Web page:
4 Page 4 confirmation. It still appears that a higher degree of coherence among pieces of evidence raises the probabilities more that the propositions supported by the evidence are true. In this paper I restrict my attention to the role of coherence in the non-dynamic model of confirmation. 3 My goal in this paper is to show that coherence of evidence does not play the positive role it appears to play in the non-dynamic model of confirmation. The following is a typical example in which coherence of evidence appears to have a positive impact on the confirmation of a hypothesis. Consider the two sets of reports on the identity of a certain computer hacker. E 1 : Informant #1 states [A 1 ] that the hacker grew up in Japan. E 2 : Informant #2 states [A 2 ] that the hacker lives in Japan. E 3 : Informant #3 states [A 3 ] that the hacker speaks Japanese. E 1 *: Informant #1* states [A 1 *] that the hacker grew up in China. E 2 *: Informant #2* states [A 2 *] that the hacker lives in India. E 3 *: Informant #3* states [A 3 *] that the hacker speaks French. Since the framework of discussion in this paper is the non-dynamic model of confirmation, I will assume that the degrees of reliability have already been established for all the informants, and that we need not revise them as we receive new reports. This applies to all subsequent examples. I will call propositions A i and A i * that E i and E i * 3 See Shogenji (forthcoming) for a probabilistic analysis of the role of coherence in the dynamic model of confirmation.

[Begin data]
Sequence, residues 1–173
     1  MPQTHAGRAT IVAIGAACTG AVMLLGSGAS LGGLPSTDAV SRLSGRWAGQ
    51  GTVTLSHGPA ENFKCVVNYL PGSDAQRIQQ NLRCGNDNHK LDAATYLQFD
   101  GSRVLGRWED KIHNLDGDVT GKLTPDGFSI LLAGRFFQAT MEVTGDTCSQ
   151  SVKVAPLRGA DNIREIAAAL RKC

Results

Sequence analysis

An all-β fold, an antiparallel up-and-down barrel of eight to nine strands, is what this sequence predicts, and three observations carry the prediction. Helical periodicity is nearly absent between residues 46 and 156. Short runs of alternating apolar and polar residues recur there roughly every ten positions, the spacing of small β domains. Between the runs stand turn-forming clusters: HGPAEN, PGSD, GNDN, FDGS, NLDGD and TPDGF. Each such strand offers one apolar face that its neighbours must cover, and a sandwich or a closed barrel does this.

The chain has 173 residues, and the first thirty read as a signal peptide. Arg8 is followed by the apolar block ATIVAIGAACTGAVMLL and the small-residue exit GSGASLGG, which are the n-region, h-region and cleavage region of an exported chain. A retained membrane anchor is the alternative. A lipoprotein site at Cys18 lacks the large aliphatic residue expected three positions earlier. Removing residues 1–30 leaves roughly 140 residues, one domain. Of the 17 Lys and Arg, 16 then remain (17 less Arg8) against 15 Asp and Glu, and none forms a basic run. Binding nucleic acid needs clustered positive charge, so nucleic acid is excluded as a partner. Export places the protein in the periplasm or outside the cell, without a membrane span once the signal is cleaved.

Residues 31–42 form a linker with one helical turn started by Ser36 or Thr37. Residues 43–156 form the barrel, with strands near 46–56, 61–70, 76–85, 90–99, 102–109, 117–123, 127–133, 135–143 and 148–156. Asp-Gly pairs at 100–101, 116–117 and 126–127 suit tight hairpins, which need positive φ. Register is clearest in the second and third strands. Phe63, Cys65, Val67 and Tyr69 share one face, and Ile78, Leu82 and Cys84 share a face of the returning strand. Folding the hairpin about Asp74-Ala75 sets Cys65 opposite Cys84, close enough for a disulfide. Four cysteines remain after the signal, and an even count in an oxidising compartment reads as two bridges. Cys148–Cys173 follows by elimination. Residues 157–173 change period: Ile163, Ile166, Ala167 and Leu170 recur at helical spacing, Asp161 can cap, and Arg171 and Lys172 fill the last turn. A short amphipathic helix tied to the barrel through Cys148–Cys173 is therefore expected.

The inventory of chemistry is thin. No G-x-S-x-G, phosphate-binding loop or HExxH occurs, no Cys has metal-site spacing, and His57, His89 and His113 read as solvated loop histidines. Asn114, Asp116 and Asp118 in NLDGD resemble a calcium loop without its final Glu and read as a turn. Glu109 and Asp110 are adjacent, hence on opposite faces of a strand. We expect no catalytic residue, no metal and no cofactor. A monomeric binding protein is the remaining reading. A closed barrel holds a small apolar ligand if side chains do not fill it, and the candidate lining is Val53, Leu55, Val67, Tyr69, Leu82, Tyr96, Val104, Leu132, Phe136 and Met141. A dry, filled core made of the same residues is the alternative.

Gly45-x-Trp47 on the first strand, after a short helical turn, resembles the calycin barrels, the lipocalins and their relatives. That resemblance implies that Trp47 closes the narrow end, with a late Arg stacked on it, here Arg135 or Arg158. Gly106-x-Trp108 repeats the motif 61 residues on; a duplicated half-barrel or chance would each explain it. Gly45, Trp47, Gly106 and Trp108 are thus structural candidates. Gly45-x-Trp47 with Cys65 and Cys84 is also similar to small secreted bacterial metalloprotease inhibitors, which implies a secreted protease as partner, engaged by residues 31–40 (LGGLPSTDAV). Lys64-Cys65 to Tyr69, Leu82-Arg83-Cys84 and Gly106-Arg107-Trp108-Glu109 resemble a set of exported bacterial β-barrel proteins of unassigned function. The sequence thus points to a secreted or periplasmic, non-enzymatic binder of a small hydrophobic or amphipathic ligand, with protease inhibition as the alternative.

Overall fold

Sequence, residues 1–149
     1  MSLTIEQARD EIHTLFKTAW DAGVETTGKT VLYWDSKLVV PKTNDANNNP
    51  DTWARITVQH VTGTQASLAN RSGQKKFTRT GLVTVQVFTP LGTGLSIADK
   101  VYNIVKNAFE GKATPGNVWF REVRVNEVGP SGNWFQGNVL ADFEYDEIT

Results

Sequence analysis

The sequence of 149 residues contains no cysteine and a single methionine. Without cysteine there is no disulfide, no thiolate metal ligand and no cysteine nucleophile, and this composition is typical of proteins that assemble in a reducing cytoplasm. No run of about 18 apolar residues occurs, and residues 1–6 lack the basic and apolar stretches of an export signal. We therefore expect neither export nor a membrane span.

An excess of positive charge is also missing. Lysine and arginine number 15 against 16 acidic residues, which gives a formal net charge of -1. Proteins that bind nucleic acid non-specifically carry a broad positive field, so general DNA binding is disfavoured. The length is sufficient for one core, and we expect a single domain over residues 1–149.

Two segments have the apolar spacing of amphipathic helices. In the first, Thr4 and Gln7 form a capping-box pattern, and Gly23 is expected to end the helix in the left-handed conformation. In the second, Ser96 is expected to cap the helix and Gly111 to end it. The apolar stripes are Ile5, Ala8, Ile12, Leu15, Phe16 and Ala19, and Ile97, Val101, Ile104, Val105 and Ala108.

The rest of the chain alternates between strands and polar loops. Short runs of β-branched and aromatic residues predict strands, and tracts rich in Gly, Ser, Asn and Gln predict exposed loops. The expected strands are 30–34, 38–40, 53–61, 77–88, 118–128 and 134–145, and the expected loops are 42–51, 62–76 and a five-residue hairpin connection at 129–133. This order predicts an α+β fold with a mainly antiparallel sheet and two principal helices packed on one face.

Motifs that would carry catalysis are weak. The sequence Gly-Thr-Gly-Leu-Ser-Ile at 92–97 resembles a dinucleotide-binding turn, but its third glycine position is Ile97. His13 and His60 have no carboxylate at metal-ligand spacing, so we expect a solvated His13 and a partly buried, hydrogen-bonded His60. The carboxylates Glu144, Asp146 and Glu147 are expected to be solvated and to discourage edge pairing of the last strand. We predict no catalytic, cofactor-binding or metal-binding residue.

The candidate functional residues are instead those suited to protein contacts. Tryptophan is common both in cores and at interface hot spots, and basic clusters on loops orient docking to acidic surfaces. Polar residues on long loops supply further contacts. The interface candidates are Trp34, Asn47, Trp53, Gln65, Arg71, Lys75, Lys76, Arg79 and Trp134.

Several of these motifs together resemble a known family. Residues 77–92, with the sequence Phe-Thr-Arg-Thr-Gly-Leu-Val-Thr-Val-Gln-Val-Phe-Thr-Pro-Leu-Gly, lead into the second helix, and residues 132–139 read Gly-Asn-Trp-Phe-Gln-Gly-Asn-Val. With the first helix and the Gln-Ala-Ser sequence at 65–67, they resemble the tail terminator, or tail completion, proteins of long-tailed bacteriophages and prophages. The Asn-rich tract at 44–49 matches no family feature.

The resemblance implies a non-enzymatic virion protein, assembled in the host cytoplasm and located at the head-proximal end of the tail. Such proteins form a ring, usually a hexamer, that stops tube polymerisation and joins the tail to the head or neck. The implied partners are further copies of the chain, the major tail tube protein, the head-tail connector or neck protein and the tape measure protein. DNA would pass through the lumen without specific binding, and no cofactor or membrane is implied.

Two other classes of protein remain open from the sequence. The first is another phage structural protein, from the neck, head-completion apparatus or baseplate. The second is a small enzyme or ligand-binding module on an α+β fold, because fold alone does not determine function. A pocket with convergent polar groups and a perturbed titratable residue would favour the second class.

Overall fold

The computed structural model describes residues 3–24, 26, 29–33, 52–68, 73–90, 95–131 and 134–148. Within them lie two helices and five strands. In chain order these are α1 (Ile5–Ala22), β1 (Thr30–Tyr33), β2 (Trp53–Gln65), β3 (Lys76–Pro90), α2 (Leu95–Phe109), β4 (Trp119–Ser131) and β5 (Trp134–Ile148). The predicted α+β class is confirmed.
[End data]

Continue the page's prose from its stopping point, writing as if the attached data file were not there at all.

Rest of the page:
5 Page 5 directly support respectively, content propositions. What people commonly call coherence of evidence is coherence of the content propositions. For example, given the common background knowledge, there is clearly a sense in which the content propositions A 1, A 2 and A 3 are more coherent than the content propositions A 1 *, A 2 * and A 3 *. Note that this does not mean that E 1, E 2 and E 3 are more coherent (more supportive of each other) than E 1 *, E 2 * and E 3 *. That depends further on the reliability of the informants e.g., E 1, E 2 and E 3 are no more coherent than E 1 *, E 2 * and E 3 * if the informants make their statements randomly. My primary concern in this paper is the impact of coherence of evidence in the sense of coherence of the content propositions on the confirmation of the hypothesis. In the hacker example it appears that other things being equal, the content propositions A 1, A 2 and A 3 in the first case, which are more coherent, are more likely to be true than the content propositions A 1 *, A 2 * and A 3 * in the second case, which are less coherent. More generally, it appears that, other things being equal, a higher degree of coherence among the content propositions makes it more likely that they are true. The standard formulation of this idea is to take the conjunction of the content propositions to be the hypothesis and claim that evidence confirms this hypothesis better if the content propositions are more coherent (Bovens and Olsson 2000, Olsson 2002, Bovens and Hartmann 2003a, 2003b). For example, the hypotheses in the hacker case above are H = A 1 & A 2 & A 3 and H* = A 1 * & A 2 * & A 3 *, and the evidence seems to confirm the hypothesis better, other things being equal, when the pieces of evidence are more coherent. In what follows I seek a probabilistic measure of coherence that formally validates this thesis i.e., the thesis that pieces of evidence confirm the hypothesis they